Greed can have little to do with rising healthcare costs, explained Workers’ Party MP Jamus Lim in a Thursday morning (Oct 27) Facebook post.
The Sengkang GRC Member of Parliament praised the country’s healthcare system, he noted that medical costs have risen faster than overall inflation recently, and listed some of the suggestions he brought up in Parliament on how spiralling costs can be controlled.
Assoc Prof Lim wrote in his post the three pillars that have made Singapore’s healthcare successful—Medisave, Medishield, and Medifund, but added that these “only finance a bit more than 8 percent of national health expenses, with most costs still paid for out-of-pocket.”
He also noted the rapid change in the healthcare cost landscape, with the medical inflation rate possibly growing between 7 and 10 per cent.
Earlier this month, the government’s push toward preventative health was discussed in Parliament, which should help curb medical costs.
However, Assoc Prof Lim argued, “improving health cannot be the sole strategy for keeping our medical costs in check. We need to recognize that the economics of healthcare has a tendency to skirt competitive forces, which is the usual way markets keep prices low.”
He outlined the suggestions he has made in order to control the rise in healthcare costs, including the following:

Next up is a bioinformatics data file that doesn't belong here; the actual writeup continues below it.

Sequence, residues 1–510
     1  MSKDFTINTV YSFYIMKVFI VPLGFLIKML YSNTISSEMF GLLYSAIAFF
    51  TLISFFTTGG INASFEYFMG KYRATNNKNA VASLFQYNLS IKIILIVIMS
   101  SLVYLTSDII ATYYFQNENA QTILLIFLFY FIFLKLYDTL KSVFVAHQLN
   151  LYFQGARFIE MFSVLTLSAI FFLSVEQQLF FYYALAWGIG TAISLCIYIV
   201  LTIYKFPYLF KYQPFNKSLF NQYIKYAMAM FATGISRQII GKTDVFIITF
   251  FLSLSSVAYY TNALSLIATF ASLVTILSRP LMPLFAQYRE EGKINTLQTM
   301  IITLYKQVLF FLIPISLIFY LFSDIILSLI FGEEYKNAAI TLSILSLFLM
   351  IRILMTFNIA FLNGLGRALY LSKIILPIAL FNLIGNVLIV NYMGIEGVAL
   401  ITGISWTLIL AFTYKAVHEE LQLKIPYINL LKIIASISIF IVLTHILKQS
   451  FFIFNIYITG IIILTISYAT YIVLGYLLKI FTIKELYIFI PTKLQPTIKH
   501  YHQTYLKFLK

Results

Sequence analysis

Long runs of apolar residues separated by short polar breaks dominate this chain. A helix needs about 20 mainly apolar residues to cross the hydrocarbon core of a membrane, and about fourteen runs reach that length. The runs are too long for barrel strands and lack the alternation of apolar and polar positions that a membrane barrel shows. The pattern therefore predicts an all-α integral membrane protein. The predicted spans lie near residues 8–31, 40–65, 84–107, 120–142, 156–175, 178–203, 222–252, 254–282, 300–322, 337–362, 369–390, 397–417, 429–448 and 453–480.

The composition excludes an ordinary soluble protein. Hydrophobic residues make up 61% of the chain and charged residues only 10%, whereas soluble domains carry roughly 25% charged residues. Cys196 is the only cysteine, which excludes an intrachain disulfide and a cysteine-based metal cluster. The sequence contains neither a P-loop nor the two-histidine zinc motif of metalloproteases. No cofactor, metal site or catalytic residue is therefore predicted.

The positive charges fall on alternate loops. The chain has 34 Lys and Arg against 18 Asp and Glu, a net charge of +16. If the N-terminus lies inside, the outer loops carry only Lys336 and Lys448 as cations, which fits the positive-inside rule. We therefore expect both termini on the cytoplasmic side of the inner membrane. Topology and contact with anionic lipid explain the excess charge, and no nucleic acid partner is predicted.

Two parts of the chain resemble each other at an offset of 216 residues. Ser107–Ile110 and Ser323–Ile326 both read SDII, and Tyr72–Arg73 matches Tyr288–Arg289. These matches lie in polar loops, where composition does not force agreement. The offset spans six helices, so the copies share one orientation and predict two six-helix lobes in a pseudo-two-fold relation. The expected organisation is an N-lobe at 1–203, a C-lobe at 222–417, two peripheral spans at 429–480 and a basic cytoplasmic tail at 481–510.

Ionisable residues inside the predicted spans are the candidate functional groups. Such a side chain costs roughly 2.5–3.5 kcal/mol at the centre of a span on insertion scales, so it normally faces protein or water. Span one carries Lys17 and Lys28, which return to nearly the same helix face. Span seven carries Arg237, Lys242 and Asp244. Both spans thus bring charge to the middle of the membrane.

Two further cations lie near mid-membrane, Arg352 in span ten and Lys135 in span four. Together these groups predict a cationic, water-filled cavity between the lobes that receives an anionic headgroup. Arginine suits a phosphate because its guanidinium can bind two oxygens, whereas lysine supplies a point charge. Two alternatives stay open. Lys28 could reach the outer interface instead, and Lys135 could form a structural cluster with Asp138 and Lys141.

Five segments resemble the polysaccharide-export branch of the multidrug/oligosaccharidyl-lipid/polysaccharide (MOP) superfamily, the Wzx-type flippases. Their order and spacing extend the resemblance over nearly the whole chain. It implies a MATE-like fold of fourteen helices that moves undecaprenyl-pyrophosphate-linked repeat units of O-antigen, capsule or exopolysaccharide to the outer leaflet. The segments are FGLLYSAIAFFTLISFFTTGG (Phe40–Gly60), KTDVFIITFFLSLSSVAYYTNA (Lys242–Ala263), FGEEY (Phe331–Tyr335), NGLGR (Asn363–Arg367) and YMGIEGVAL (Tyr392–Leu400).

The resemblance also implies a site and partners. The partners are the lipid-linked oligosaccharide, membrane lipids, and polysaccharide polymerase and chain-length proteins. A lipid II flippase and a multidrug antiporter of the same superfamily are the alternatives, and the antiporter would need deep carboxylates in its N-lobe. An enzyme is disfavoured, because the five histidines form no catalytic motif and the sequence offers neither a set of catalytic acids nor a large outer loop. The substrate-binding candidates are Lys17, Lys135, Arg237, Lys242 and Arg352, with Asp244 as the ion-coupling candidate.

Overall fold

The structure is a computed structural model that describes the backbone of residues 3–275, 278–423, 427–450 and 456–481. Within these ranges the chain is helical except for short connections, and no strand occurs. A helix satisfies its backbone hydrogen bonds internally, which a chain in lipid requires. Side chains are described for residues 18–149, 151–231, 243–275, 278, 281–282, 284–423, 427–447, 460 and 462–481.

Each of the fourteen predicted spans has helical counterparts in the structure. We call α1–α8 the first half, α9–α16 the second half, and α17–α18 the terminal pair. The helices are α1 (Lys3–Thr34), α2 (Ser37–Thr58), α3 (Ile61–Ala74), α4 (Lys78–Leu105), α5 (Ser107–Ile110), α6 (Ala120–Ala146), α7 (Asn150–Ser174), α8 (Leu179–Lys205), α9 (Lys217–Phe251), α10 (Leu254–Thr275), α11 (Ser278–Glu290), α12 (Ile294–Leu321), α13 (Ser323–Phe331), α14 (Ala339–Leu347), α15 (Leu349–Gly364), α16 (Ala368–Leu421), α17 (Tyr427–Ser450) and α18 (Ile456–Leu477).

- Improving pricing transparency at clinics and hospitals by requiring doctors to post their multiplier over MOH benchmarks.
- Mandating the carrying over of pre-existing conditions.
- Medishield Life becoming more proactive in bargaining for lower prices.
- Scrutinizing the face value of public charges.
“Hence, when we see recent reports of excess wait times at hospitals (including, alas, in #SengkangGRC General), I worry that this public-private price differential has gotten out of whack,” wrote Assoc Prof Lim.
“We should also recognize that some drivers of rising medical costs have little to do with greedy doctors, patients, hospitals, or insurers.
Record land sales eventually get passed on via higher rents and, in turn, higher medical fees. If we insist on market pricing of land, regardless of function, we invite such price spirals. Land prices indirectly become an implicit tax, and a millstone around the necks of the sick and infirm,” he added.
He also mentioned in his post the nonmedical tools that can be used to curb rising healthcare costs, such as the better integration of information technology systems for insurance claims.
“The bottom line is that there’s unlikely to be a silver bullet for solving our medical cost woes. #HealthySG is one pillar. But we mustn’t place it all on the patient. We can also better design and regulate the healthcare financing market. #makingyourvotecount,: wrote the Sengkang GRC MP.